Although DFW leasing activity took an initial hit in mid-2020, absorption has rebounded, keeping vacancies stable, with 29,870 units absorbed in the last 12 months. In the past, DFW rents grew between two to three percent annually, though it has stalled due to the pandemic. Growth is more prominent in expensive submarkets like Downtown Dallas, Uptown, and West Dallas. In contrast, suburban submarkets like Plano, Frisco, and Allen/McKinney have seen less demand due to the tight competition.


DFW ranked first nationally in 2019 and 2020 for construction starts in multifamily, industrial, and office, and ranked seventh globally in overall CRE sales volume, according to Real Capital Analytics. Even so, construction has tapered due to slow multifamily permitting in recent quarters, with about four percent of inventory under construction. The market has routinely added 145,000 multifamily units annually since 2010, expanding inventory by 25 percent, more than any other U.S. market.


Fort Lauderdale, FL

Fort Lauderdale saw some of the highest multifamily investment volumes in the nation, with more than $1.5 billion recorded in trades in 2020. There are currently more than 6,500 units in the pipeline, causing an expectant rise in vacancies in 2021, pushing Fort Lauderdale above the National Index rate. However, apartment demand has surged, helping rents expand in the recent months to pre-pandemic levels. Annual rent growth has surpassed five percent in the metro. The annual sales volume is 40 percent higher than the ten-year average, reaching $2 billion, thanks to more than $800 million in trades in the last quarter of 2020 alone. Fort Lauderdale ranks among the top 15 markets in the nation and as the second market in Florida for the most transactions.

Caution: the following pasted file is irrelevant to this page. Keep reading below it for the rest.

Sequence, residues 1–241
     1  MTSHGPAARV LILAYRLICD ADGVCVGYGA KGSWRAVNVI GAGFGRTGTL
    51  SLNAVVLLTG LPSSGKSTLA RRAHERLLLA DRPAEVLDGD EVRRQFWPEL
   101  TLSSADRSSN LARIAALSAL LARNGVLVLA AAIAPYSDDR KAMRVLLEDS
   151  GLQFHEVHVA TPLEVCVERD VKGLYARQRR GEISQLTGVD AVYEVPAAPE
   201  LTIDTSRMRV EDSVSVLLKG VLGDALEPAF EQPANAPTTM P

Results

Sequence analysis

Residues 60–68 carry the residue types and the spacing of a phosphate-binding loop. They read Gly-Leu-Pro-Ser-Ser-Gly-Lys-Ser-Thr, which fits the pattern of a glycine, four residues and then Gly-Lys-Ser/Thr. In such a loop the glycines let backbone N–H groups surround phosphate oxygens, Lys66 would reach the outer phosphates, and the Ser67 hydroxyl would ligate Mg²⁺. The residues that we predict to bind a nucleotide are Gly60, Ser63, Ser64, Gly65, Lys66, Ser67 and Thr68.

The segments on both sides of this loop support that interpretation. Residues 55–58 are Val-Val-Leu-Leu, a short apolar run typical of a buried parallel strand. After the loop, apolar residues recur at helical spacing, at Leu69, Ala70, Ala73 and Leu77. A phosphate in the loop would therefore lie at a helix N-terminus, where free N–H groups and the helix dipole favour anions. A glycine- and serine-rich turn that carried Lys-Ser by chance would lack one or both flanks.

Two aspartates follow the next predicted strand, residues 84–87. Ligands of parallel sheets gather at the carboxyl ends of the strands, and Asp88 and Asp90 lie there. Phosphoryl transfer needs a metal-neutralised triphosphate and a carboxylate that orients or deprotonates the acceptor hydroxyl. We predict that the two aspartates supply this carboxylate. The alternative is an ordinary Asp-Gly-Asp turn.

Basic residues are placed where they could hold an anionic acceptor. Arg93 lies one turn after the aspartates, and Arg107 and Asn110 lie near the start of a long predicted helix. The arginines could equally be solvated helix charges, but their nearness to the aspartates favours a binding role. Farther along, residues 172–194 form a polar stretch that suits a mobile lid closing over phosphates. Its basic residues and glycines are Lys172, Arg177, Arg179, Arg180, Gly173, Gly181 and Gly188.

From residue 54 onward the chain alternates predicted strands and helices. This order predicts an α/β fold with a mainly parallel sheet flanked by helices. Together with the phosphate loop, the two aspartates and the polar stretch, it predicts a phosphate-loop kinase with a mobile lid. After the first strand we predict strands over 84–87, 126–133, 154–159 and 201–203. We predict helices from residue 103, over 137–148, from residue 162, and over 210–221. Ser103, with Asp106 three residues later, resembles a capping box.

Leasing has improved considerably over the last six months, and the previous two quarters have broken quarterly records. With net absorption outpacing deliveries by nearly two to one in the first quarter of 2021, rental demand is prominent in Fort Lauderdale. Absorption should keep up as price growth surpasses income growth, deterring people from long-term residencies. Before entering 2021, rents were already back to pre-pandemic levels in December, and rents are bolstering so far in 2021. Economic recovery is anticipated to be slow in 2021 due to South Florida’s lengthy lockdowns during the pandemic.